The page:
Just massing around

Junior shares the experience of attending Catholic churches in different countries


The inside of a church Ali Richter has visited during her travels. Submitted photo.

Story by Ali Richter, staff writer

Early Sunday morning I walk into a classroom that is hastily decorated for a church service and filled with around 20 native islanders. Everyone rises, and they begin singing hymns, but it is far from the ordinary American church service. There is a man with a tambourine, a group of people who stomp the beat and a group of singers divided between baritones and sopranos. The boisterous yet beautiful sound floats out of the open window and can be heard over the lapping of waves on the beach.

My family members and I visited this small Catholic church on the island of St. John during our trip this past summer. We make it a point to go to Mass on all of our vacations, especially ones that are outside of the United States. Each church we visit brings new experiences and perspectives on the seemingly strict Catholic religion.

When in Rome, my family wanted to visit Vatican City, the Catholic capital of the world.  For all you non-religious types, the Vatican is a huge historic building, and the 100 acres it sits on is actually considered a separate country from Italy. It is the smallest country in the world, of course.

Inside the giant Vatican is the famous St. Peter’s basilica, which is where mass is held. My family went on a weekday instead of Sunday, so there were less people crowding the church. In Vatican City women are not allowed to wear shorts and all shoulders must be covered.  The mass was quite similar to the ones we are accustomed to at home, only it was in Italian, which made it a bit harder to follow.

Another one of our family vacations was to the island of San Pedro in Belize. The island was relatively small and easy to navigate. Our hotel was only one street over from the only Catholic church on the island. The church was literally 20 feet from the water, and the inside showcased it. Huge wooden doors facing the water stayed open throughout the Mass so that we could feel the ocean breeze and see the gorgeous beach right in front of us.

The church service was short compared to ones back in the States. It took about 45 minutes compared to the usual hour to hour and a half.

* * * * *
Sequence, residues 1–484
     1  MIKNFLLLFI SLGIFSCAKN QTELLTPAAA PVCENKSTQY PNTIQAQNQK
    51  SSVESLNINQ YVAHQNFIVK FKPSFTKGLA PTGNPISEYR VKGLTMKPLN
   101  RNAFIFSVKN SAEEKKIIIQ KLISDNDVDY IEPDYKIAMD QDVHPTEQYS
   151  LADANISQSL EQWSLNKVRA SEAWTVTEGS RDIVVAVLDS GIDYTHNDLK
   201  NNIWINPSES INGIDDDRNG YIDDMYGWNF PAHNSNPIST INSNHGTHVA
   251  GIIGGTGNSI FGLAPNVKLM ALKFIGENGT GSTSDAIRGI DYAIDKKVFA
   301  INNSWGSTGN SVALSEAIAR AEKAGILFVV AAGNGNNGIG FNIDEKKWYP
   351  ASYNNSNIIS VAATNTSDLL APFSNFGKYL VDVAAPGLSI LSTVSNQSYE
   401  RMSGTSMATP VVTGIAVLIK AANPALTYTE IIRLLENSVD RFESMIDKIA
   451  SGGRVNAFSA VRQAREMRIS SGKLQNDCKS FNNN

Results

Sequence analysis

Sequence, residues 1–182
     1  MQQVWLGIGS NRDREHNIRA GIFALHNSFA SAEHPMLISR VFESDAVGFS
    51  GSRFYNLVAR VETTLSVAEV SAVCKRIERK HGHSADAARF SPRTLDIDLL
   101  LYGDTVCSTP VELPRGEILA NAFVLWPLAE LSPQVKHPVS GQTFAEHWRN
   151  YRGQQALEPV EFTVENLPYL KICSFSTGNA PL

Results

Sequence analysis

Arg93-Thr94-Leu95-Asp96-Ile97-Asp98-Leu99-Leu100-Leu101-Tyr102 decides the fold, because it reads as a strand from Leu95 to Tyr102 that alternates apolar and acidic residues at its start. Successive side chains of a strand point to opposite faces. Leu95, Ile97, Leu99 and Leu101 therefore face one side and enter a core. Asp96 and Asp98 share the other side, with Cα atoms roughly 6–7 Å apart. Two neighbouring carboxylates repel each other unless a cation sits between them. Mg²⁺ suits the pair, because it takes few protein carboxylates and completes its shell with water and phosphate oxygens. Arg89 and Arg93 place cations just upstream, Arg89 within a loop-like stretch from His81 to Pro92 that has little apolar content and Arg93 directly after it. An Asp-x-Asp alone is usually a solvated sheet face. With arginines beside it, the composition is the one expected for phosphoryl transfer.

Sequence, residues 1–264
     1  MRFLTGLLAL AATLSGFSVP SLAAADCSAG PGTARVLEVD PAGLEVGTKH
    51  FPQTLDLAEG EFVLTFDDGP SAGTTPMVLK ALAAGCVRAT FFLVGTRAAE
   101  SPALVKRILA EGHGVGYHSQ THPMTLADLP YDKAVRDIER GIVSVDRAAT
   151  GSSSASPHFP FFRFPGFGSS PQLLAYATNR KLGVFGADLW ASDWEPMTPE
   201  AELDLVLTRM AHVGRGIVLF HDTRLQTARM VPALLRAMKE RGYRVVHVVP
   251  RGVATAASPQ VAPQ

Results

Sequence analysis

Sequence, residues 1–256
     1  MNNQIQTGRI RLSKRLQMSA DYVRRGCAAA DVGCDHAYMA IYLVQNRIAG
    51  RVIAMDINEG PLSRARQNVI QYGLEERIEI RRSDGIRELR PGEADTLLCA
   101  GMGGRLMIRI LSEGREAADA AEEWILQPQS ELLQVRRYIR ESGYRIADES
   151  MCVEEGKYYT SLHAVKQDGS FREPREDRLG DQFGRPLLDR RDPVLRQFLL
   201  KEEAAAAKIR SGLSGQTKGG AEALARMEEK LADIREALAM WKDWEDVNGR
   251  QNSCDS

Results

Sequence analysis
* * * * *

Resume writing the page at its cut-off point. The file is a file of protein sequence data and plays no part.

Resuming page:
The priest of the Belizean church was delighted to see visitors and eagerly asked my family where we were from. When we told him we were from the United States, he told us he would soon be stationed there in Colorado. He was very gracious and excited to see visitors in his parish.

The most recent place my family vacationed was in the U.S. and British Virgin Islands, specifically St. John. Getting to the church there was no easy feat. It was located on the opposite side of the island from where we were staying, and we had to take many winding uphill roads to get there. The speed limit on St. John is 20 mph everywhere, no exceptions.

After our slow journey, we finally arrived at a school that was used for church services. Chickens and donkeys walked freely around outside as we entered the church. Not surprisingly, we were the only white people in the place. We stuck out like sore thumbs, but we were welcomed in with opened arms.

Besides a single tambourine, there were no musical instruments used when singing hymnals– every sound came from the people in the church. During the homily, otherwise known as the sermon, people shouted Amens after particularly moving words.

My dad felt the need to yell out “Amen” as well, which got a couple of chuckles from the regular churchgoers.

Again in St. John, we were graciously welcomed by the priest. After Mass, he thanked us for coming and told us how great it was that we came to church even on vacation. He also said a special prayer over my brother and I so that we may do well in all of our academic endeavors.

Although the cultures were quite different in the three places we visited, the actual Mass was extremely similar to the ones back home. The settings and attendees were very different, but Catholic Masses have remained similar in every place I have visited.
It is comforting to know that I can travel anywhere in the world and see the Catholic Church follow the same provisions for Mass. It displays the uniformity of Catholicism and gives me a sense of home no matter where I decide to go in the world.